Thyme Will Tell

home

article

articles

seed database

my books

my garden

feedback

links

Give a Fig

By Audrey Stallsmith

ficus carica

Oh, bring us a figgy pudding;
Oh, bring us a figgy pudding;
Oh, bring us a figgy pudding and a cup of good cheer.
We won't go until we get some;
We won't go until we get some;
We won't go until we get some, so bring some out here.

from "We Wish You a Merry Christmas"

Figs have been with us, quite literally, forever. Genesis 3:7 reports of Adam and Eve that "the eyes of them both were opened, and they knew that they were naked; and they sewed fig leaves together, and made themselves aprons." So the tree came in handy from the beginning, though not in quite the way that had been intended!

The fruits of ficus carica, however, did become and still remain an essential in Biblical lands as well as much of the rest of the world. In Jotham's parable (Judges 9:8-14) the fig tree was even the other trees' second choice--after the olive--to rule over them.

Although California is the second leading producer of figs, behind Turkey, I'm afraid we Americans still tend to think of the fruits as a rare delicacy. We also frequently associate them with Christmas, because of the reference to figgy pudding in a famous carol.

That dessert was probably originally a steamed suet pudding laced with spices. Suet has a musky flavor not too popular with modern palates, however, although the pudding made from it is actually quite good. Provided that you serve it hot and ladle a sweet sauce liberally over the top! But suet does tend to harden when cold. So many modern recipes call for butter instead.

Although relatively small--since it only grows to about 20 feet--the fig tree, with its lobed leaves and purple or yellow pear-shaped fruit, is quite attractive. Perhaps that's what led to the term "full fig" being applied to anyone in elaborate dress, and "fine fig" being used to describe excellent physical condition.

The tree is also unusual in that it generally produces at least two crops, which is probably what causes it to stand for "prolific" in the Language of Flowers. The first of those crops appears on old wood before the leaves sprout.

That explains the baffling incident in the Gospels where Christ curses a barren fig tree. Even though the tree had apparently leafed out early, the very appearance of leaves indicated that it should have had fruit on it. So that fig might have been considered the ultimate hypocrite, being all show!

Another oddity about ficus carica is that, according to the California fig advisory board, the "fruit" is actually "a flower that is inverted into itself." The blossoms appear in the interior and "the seeds are drupes, the real fruit." This, as you may imagine, causes some problems with pollination!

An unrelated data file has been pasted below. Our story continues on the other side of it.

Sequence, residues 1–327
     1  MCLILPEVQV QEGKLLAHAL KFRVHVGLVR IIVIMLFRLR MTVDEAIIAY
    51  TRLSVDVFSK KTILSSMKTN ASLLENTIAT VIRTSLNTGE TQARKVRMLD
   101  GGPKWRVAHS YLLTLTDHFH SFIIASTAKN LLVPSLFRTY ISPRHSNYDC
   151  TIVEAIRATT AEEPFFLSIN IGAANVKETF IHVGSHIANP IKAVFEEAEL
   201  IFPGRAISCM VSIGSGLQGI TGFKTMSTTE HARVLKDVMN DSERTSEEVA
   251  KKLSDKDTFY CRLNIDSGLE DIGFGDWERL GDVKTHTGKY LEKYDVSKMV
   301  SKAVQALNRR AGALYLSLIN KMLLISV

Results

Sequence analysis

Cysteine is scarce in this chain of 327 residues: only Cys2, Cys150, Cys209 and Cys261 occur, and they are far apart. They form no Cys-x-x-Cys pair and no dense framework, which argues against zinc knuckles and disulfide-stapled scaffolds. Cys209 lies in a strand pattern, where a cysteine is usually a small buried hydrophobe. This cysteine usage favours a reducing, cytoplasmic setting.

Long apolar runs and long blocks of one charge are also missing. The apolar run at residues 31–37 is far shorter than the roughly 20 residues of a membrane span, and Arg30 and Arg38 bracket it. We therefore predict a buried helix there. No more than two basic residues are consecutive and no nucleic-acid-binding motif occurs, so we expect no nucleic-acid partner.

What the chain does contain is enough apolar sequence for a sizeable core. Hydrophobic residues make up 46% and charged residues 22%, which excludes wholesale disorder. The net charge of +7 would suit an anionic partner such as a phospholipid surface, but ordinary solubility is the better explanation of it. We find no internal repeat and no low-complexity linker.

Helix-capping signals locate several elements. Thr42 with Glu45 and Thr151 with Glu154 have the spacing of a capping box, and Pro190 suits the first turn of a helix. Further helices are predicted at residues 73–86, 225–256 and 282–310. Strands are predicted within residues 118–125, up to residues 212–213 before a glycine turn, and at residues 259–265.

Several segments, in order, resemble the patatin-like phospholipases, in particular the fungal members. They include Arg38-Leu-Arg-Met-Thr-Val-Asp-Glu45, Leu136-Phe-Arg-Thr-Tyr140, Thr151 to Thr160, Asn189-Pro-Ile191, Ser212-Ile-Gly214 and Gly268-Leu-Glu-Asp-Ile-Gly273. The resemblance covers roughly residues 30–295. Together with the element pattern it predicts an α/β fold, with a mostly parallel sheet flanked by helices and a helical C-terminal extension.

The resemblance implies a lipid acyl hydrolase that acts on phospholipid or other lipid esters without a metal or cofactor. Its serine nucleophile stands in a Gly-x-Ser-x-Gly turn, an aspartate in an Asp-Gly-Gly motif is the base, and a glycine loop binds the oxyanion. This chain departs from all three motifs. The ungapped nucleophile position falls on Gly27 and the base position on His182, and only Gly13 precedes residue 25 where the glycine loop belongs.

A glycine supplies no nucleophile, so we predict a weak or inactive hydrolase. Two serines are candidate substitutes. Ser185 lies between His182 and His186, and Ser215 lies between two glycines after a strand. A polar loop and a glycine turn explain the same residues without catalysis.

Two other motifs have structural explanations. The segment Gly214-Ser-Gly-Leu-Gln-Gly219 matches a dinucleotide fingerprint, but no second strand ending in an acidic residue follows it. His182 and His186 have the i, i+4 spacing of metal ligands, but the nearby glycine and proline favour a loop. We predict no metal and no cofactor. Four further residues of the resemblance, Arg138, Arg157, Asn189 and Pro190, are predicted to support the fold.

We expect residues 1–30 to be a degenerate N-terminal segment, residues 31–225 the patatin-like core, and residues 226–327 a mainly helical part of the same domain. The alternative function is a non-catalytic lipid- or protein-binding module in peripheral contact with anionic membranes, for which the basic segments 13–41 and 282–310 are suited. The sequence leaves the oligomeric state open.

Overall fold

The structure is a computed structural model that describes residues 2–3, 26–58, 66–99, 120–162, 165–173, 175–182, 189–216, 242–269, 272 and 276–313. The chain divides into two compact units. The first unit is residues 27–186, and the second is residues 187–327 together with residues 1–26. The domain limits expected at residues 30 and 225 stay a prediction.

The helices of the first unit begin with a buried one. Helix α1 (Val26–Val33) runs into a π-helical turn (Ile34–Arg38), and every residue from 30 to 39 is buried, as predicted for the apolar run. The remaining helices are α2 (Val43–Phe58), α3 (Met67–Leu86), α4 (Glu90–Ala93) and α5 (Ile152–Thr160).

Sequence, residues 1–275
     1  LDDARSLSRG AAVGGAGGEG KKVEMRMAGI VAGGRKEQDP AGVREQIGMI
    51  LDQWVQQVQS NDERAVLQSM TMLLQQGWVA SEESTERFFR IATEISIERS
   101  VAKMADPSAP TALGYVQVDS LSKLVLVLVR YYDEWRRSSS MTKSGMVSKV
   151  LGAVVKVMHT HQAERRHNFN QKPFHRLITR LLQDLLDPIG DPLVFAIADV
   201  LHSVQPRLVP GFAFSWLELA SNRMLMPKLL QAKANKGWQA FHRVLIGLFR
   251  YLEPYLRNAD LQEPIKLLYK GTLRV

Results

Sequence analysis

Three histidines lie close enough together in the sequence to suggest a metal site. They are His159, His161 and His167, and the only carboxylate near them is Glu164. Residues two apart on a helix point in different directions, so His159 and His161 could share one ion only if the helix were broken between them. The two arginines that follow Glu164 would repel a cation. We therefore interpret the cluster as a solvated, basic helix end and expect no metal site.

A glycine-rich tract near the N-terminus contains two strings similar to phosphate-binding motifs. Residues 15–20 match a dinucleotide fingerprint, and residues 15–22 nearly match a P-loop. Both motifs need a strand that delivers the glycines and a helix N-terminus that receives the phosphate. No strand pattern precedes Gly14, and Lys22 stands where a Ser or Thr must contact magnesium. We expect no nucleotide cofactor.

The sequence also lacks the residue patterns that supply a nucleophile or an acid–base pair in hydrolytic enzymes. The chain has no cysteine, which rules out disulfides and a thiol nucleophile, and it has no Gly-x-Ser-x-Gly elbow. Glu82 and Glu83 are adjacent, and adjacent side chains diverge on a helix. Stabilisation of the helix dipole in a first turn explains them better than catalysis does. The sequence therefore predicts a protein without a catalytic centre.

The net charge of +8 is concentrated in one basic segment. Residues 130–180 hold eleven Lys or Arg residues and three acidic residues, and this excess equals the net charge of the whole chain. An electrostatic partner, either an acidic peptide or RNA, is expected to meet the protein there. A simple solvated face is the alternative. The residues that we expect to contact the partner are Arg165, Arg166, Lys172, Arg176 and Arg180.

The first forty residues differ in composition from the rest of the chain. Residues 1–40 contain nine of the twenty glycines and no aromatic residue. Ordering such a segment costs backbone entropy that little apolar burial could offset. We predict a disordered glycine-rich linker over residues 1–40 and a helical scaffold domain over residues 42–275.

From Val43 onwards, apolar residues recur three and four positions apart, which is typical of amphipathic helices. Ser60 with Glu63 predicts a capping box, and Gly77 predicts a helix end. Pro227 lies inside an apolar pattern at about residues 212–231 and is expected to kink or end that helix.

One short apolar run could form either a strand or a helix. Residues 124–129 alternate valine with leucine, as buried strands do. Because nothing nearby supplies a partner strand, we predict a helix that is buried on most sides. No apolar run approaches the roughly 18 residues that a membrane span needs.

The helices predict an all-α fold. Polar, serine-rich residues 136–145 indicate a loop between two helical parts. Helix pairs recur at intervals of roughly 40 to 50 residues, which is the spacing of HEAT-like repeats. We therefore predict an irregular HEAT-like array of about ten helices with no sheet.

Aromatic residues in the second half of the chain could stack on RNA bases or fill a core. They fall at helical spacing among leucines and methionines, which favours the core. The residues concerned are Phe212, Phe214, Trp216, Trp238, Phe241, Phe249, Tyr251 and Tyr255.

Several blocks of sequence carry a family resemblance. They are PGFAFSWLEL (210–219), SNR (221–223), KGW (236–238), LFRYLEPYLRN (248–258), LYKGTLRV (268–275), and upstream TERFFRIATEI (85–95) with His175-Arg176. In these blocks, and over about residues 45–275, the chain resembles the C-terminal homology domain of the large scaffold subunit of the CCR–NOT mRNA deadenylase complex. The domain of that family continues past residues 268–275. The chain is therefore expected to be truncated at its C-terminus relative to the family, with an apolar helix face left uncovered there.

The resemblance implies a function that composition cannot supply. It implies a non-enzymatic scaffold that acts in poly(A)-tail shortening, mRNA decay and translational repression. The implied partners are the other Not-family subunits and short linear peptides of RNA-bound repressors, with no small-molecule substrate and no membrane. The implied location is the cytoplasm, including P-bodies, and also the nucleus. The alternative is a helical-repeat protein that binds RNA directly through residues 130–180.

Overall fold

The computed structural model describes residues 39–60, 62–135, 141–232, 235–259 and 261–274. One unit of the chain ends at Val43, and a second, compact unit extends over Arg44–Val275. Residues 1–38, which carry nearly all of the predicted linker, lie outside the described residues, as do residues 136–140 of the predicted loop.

Fortunately, common figs don't require it, since they can produce hollow seeds anyway. Those, like the Smyrna type, however, need caprification. In this process wild figs, known as caprifigs, are placed in cultivated trees. The caprifigs contain wasps that carry pollen through small orifices in the fruits from the wild ones to the tame ones.

In ancient times, figs were considered the ultimate health food. According to Pliny, "They increase the strength of young people, preserve the elderly in better health, and make them look younger with fewer wrinkles." The fruits were also the favorite training food of gladiators and the original Olympic athletes. At one point, Greece went so far as to forbid any exportation of the fruit. So the word "sycophant" ("informer") actually derives from the Greek "to show the fig."

The price of a single fruit was probably negligible, however, since fig has frequently been used in slang expressions to indicate "a trivial or contemptible amount." ("I don't give a fig, I don't care a fig," etc.) Maybe that's why the fruit itself stands for "argument" in the Language of Flowers.

Although about half dextrose (a form of sugar) figs are also high in fiber and antioxidants. A mild laxative, the fruits, roasted, have also been used as poultices to draw out the infection from abscesses, boils, carbuncles, etc. ("For Isaiah had said, Let them take a lump of figs, and lay it for a plaister upon the boil, and he shall recover." Isaiah 38:21.) They also contain a sulphur, ficin, which soothes swollen joints and an anti-cancer element called benzaldehyde. The acrid white juice of the tree supposedly burns off warts as well.

Modern herbalists recommend a syrup made from cooked figs to soothe sore throats and coughs. Jethro Kloss reported that fig leaves boiled in Crisco "make an excellent ointment." He also prescribed a tea made from the leaves to remove age spots and bruises.

Fortunately, there are plenty of more pleasant reasons to savor the sweet taste of figs. You could make your own Fig Newtons, for example. Or, this year, when those carolers sing, "Bring us a figgy pudding," why not take them seriously?

Ficus carica image is from Herbarium Blackwellianum by Elizabeth Blackwell, courtesy of the Missouri Botanical Garden Library.